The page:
“Our boards every month,” said Louchheim, “are struggling mightily to preserve as much as possible the rural and historic and scenic character of the Town of Southampton and quite frankly, the bridge is a vital part of that.”

Gregor said he and his team would consider the residents’ input and “regroup.”

“But,” he said, “I would be wrong in telling you I’m not still leaning forward.”

Linda Franke asked whether the public forum was just hosted as a gesture.

“It’s a condition and a gesture,” Gregor replied.

Split East Hampton Town Board Adopts Airport Capital Improvement Plan

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By Kathryn G. Menu

The East Hampton Town Board adopted a capital improvement plan for the East Hampton Airport during a work session Tuesday — a roadmap for $5.26 million in repairs and improvements consultants suggest be made to airport facilities over the course of the next five years.

Originally, the capital improvement plan (CIP) — unveiled just before a November 21 public hearing on the proposals — called for $10.45 million in airport repairs and projects over a five-year period. The adopted CIP was cut to $5.26 million with 15 proposed projects removed from the plan as they were not a part of the town board approved Airport Master Plan or Airport Layout Plan, both of which were vetted through environmental review.

The CIP was approved by the outgoing Republican majority of the town board. Airport liaison Dominick Stanzione, Supervisor Bill Wilkinson and Councilwoman Theresa Quigley voted in support of the plan, with Democrats Sylvia Overby and Peter Van Scoyoc voting against adopting the CIP.

East Hampton Airport manager Jim Brundige said the CIP is meant to highlight what projects are necessary at the airport. Quigley also noted that approving the CIP does not mean the board is approving any of the projects laid out in plan, or how has made a decision about how they will be funded. Rather she called the approval a “first step” in moving towards improvements at the airport first identified in the town’s airport master plan.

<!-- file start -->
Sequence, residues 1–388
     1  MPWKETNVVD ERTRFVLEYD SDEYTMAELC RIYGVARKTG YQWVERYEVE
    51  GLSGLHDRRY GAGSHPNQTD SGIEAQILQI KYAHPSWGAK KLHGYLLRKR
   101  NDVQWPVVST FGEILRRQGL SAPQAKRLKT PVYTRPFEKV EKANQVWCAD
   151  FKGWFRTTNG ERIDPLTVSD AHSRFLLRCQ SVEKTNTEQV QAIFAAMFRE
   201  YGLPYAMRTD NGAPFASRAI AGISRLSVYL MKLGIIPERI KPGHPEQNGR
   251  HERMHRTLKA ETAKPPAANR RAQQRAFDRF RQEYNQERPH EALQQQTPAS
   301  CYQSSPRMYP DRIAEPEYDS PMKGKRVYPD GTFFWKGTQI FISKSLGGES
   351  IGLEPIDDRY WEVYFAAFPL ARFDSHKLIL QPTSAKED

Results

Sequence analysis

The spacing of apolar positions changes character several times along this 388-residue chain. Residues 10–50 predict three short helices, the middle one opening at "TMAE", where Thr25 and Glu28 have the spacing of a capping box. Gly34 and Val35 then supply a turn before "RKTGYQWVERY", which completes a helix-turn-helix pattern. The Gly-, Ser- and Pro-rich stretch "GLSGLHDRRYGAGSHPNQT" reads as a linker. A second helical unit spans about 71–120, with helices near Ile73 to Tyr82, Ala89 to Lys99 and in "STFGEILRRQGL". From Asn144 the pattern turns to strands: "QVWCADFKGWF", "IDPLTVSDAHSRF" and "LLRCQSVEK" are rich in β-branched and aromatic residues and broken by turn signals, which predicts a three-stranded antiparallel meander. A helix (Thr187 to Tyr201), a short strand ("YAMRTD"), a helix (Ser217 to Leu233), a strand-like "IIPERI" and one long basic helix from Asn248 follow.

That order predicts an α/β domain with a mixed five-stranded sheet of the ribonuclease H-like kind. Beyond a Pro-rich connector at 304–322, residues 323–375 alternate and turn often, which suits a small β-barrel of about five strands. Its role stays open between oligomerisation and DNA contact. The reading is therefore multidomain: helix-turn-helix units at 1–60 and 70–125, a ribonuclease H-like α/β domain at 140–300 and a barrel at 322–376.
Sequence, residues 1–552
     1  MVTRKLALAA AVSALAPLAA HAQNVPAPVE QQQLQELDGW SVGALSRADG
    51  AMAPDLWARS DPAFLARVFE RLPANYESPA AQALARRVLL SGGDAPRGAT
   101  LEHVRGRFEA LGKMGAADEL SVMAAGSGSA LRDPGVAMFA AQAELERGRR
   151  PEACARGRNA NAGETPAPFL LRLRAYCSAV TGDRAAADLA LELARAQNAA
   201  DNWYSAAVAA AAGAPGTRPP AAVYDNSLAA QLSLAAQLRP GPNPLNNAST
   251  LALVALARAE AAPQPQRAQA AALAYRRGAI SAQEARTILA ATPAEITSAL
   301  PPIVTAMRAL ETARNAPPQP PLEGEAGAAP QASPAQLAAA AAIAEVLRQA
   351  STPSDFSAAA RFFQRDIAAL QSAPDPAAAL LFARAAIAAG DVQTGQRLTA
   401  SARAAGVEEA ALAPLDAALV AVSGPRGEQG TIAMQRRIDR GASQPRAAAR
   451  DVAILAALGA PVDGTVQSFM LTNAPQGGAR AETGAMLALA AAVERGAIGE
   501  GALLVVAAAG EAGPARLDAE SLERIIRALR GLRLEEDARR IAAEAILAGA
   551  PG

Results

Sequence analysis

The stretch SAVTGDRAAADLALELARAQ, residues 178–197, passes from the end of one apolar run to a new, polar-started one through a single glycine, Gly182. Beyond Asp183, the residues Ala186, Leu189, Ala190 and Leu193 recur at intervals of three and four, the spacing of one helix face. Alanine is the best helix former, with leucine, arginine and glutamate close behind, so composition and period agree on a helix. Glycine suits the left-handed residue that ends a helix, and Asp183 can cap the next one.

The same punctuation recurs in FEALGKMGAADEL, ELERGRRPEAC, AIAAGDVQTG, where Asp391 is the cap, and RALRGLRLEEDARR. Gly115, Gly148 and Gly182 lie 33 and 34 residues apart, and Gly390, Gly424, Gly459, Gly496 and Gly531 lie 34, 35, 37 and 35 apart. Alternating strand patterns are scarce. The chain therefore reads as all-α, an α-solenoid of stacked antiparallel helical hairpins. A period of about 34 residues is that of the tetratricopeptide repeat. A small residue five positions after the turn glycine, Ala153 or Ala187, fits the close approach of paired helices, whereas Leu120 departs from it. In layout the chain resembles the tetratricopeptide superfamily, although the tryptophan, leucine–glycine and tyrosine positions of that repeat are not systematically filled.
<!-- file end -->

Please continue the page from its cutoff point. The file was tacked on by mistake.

However, both Overby and Van Scoyoc expressed concerns about a footnote in the document that references Federal Aviation Administration (FAA) funding. The CIP, according to testimony given by town aviation consultant Dennis Yap at the November 21 public hearing on the plan, will be submitted to the FAA. Van Scoyoc said he was concerned submitting the plan to the FAA was the first step towards securing additional grants from that agency for airport projects.

“It’s not a necessary step for us to send it to the FAA unless we are pursuing funding from the FAA,” he said.

For several years now, a number of residents and members of the Quiet Skies Coalition have encouraged the town board not to accept FAA funding as they believe when grant assurances expire in December of 2014 the town has the ability to gain greater control of the airport, including the potential to impose curfews or restrict certain aircraft.

East End Winemakers Call 2013 Best Vintage Yet

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Grapes being picked at Martha Clara Vineyards in Riverhead. Photo by John Neely.

Grapes being picked at Martha Clara Vineyards in Riverhead. Photo by John Neely.

By Tessa Raebeck

As if anyone needed another reason to drink wine, the 2013 vintage is the best local winemakers on both forks have ever seen.

“It’s really spectacular,” said Roman Roth, winemaker for the Wölffer Estate Vineyard in Sagaponack. “You hear about these fabled vintages like ’76 and ’45 – this is one that we have.”

“The entire East End is producing great wines,” agreed winemaker Juan Micieli-Martinez of Martha Clara Vineyards in Riverhead.

Winemakers were nervous last spring, when May was a particularly rainy month and June was the second wettest on record. They soon found their worry was preemptive.

“Then came the most fantastic summer,” said Roth. A heat wave in July followed by a generally dry, long summer helped the winemakers to overcome the wet spring.

The summer was good, but the fall was better.